Constipation can stop the peaceful life of the human and the groin in itself. What are the causes? How can you bring joy back to the groin?
Feeling the Pain
Groin pain after constipation can manifest itself in various ways. Some patients report a dull and continuous ache, whereas others feel sharp, sporadic twinges. This pain can be heightened during activities that involve straining, be it defecation or even certain physical movements like lifting heavy objects or engaging in high-impact exercises.
The Underlying Causes
Chronic constipation can cause additional groin pain due to two primary reasons. First, it could result in a hernia, a condition where an internal organ or tissue bulges through weakened or torn muscles. Second, the strain associated with difficult bowel movements can cause tearing of muscles in the groin area.
Similarly, bloating, which refers to the feeling of pressure in the abdomen or visibly distended abdomen, can also cause parallel symptoms. When these symptoms present simultaneously with groin pain persistently, it’s vital to reach out to a medical professional.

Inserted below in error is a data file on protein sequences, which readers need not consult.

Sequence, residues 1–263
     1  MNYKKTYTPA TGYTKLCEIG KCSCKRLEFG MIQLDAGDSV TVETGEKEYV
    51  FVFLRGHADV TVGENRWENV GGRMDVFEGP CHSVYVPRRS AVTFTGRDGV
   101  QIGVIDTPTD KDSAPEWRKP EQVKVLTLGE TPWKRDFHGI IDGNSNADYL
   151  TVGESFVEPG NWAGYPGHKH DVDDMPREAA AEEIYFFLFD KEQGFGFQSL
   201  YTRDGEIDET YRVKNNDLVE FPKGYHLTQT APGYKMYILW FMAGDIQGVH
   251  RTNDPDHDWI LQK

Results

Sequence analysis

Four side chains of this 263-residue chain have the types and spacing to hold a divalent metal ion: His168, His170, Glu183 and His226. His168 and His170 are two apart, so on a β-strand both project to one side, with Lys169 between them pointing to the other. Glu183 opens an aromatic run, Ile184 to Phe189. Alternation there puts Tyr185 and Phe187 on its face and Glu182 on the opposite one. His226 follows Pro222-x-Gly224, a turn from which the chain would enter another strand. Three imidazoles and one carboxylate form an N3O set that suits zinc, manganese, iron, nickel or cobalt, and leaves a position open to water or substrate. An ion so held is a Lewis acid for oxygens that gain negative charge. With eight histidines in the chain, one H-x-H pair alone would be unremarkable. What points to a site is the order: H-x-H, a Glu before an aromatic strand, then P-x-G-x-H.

Possible Dangers and Associated Symptoms
Persistent groin pain after constipation could be indicative of an underlying medical issue. Pain that arises from prolonged standing or straining during defecation aligns with a possible hernia. Conversely, pain present at the onset of walking or straining activities leans more towards a muscle, ligament, or joint problem or a sports hernia. The improvement of this pain with walking or activity also points to muscle ligament or joint problem.
One must also check for possible complications like a bulge in the groin, which could indicate a hernia, or significant nocturia – frequent urination during the night. If there’s pain in the perineal or scrotal area along with groin pain, it could be due to a urologic issue.
Addressing the Pain: Medicines and Lifestyle Adjustments
Relieving groin pain post-constipation mainly involves treating the underlying cause. For instance, if a hernia is the cause, medical or surgical interventions might be necessary.
It’s also important to manage chronic constipation to ease the associated symptoms. Home remedies like increasing dietary fiber, staying hydrated, and regular exercise can assist in this. Over-the-counter remedies, such as laxatives, can also be used, but always under a healthcare provider’s guidance.
If a muscle, ligament, or joint problem is the reason, then physiotherapy and exercises for strengthening the area might be beneficial. Pain medications, both prescription and over-the-counter types, can also offer relief.
Maintaining good body mechanics, like proper lifting techniques and maintaining good posture during activities, can help prevent muscle strains and subsequent groin pain.
While groin pain after constipation can be uncomfortable and distressing, understanding its causes and ways to alleviate it can go a long way in managing the discomfort. Always consult with a healthcare professional to obtain an accurate diagnosis and effective treatment plan.